The congressional election in Georgia this week was billed as having potential national implications, as an early test of whether anti-Trump energy could fuel Democratic victory in a traditionally Republican district. It seems likely that the same will be said for scattered upcoming special elections in other states.
But political scientists and pollsters who analyze races for a living say that so-called bellwether races are tricky to evaluate — if they even exist at all.
Edward R. Tufte, a professor of political science and statistics at Yale who wrote a landmark paper on the subject in 1975, was brief in his response to a question about the validity of using such races to predict the results of midterm elections in 2018.
“Bellwethers only exist after the fact, are astrology, and indicate only that it’s a slow day at the national news desk,” he wrote in an email.
Other experts were more circumspect. While races for seats like the Sixth Congressional District in Georgia this week, the Fourth District in Kansas last week and the coming election for Montana’s sole House seat in May do not necessarily have predictive power, they said, the outcomes could serve as a finger in the wind for the political conditions that President Trump’s administration has imposed on the country.
David Rothschild, an economist at the Microsoft Research Lab who studies forecasting and public sentiment, said that elections like those in Georgia give experts actual voting data, a contrast to the stream of polling and punditry that usually animates political conversation.
While cautioning that the election result could not be mapped onto future races (“they call it a special election for a reason”), he said the results in Georgia were meaningful. The election on Tuesday pitted 18 candidates against one another, but Jon Ossoff, a Democrat, managed to receive 48.1 percent in a heavily Republican district. He will face Karen Handel, a Republican who won just under 20 percent of the vote, in a runoff in June.
“It’s perfectly reasonable to get really excited and to try to extrapolate from mid-midterm elections because it gives us an outcome variable,” he said. “A lot of polling and a lot of loose talk is great, but we like action, we like outcomes, and these are outcomes.
Bellwether elections — which serve as an early warning for change in political headwinds — are often identified after the fact, as when Harris Wofford, a relative unknown, managed to triumph over Dick Thornburgh, a former Attorney General in the Reagan and Bush administrations, in a special election in Pennsylvania in 1991. His victory was later seen as an early indication that Bill Clinton — whose campaign team included the Wofford veterans Paul Begala and James Carville — could find success in the state, which he did.
But David Paleologos, the director of the political research center at Suffolk University in Massachusetts, said that national analyses were often in danger of missing facts on the ground, viewing candidates as vessels of broader Democratic and Republican ideologies, rather than politicians with distinct views informed by local issues.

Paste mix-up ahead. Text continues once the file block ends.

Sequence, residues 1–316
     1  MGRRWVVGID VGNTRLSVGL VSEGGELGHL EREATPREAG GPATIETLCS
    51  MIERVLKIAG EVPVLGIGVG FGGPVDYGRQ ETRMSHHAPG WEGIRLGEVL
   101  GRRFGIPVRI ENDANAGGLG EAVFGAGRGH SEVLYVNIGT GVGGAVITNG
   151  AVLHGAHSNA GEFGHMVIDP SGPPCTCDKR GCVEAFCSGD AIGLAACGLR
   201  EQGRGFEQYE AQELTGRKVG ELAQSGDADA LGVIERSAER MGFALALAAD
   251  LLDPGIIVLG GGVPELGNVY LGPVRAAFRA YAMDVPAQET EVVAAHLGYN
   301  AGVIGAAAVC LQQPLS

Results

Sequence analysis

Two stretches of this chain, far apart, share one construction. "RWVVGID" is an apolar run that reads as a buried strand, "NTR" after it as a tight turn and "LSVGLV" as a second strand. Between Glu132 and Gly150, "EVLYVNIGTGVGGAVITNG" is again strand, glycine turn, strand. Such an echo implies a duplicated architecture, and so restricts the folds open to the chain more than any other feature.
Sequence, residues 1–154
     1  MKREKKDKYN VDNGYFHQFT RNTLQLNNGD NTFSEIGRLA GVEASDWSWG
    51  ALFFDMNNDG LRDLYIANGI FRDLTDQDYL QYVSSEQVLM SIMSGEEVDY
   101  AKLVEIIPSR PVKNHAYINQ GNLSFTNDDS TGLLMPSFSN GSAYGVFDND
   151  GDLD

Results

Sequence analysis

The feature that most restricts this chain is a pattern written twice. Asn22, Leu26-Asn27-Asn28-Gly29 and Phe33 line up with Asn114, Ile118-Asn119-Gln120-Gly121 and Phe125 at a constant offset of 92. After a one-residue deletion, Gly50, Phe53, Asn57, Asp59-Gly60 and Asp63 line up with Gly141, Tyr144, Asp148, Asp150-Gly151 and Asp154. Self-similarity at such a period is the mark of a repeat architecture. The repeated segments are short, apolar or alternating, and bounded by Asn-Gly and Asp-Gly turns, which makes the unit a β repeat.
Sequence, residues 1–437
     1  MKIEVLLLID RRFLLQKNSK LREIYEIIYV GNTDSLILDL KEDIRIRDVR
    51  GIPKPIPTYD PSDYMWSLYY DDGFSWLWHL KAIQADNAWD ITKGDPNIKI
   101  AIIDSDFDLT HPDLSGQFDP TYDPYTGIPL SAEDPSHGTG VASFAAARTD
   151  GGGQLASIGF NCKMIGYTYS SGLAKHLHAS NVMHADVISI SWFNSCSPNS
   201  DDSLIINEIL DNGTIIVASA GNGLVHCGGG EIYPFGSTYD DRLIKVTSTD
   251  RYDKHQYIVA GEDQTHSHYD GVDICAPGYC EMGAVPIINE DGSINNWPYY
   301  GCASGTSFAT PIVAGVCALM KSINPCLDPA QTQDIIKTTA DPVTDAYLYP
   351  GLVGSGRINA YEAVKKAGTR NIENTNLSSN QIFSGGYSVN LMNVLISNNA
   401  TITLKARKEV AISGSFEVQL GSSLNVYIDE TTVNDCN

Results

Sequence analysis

He recalled the Massachusetts special election of Senator Scott Brown, who defeated the Democratic candidate, Martha Coakley, in January 2010. When Mr. Brown came from behind to surpass Ms. Coakley forecasters took it as a signal that other long-held Democratic seats in Massachusetts were about to fall. But it didn’t turn out that way.
“Brown’s race turned up a big fat zero goose egg for the Republican Party in the congressional races that year,” Mr. Paleologos recalled. “And four of the 10 races were decided by less than 35,000 votes but every Democrat prevailed.”
He concluded that “it was not fair for people to report it as this big Obama backlash that Brown was riding,” and said that Ms. Coakley herself “bore the brunt of responsibility” for the loss.
However, as Mr. Paleologos said, Mr. Brown’s election could have been viewed as a more general indicator of a surge in conservative fortunes. Republican lawmakers, many of them fueled by the Tea Party movement, took 63 seats in Congress and recaptured the majority, a sea change in American politics. Even some Republican incumbents were swept away in the change.
Could Mr. Ossof’s strong showing on Tuesday represent a similar shift in the tide, but for the left?
Sam Wang, the founder of the Princeton Election Consortium (who swallowed a cricket on television after losing a bet on President Trump’s electoral chances), said that he was watching the Georgia election closely. But he added that the special congressional election held in Kansas last week was potentially more important, because it demonstrated the political range of a district previously thought to be safely conservative.
In Kansas, the Republican candidate Ron Estes beat back a close challenge from the Democrat James Thompson to win a House seat. Mr. Wang said that Mr. Estes’s victory had distracted from a telling result, in which the margin between the two candidates was about 20 points closer than it had been in the past two presidential elections.
And if the atmosphere that led Mr. Thompson to be so competitive in Kansas held into next year, Mr. Wang said, then “Democrats would have as large a majority in the House of Representatives as they did when Barack Obama was first elected in 2008.”
“Is that going to hold up? There’s no telling,” he added. “But what it does is, it shows what is possible.”
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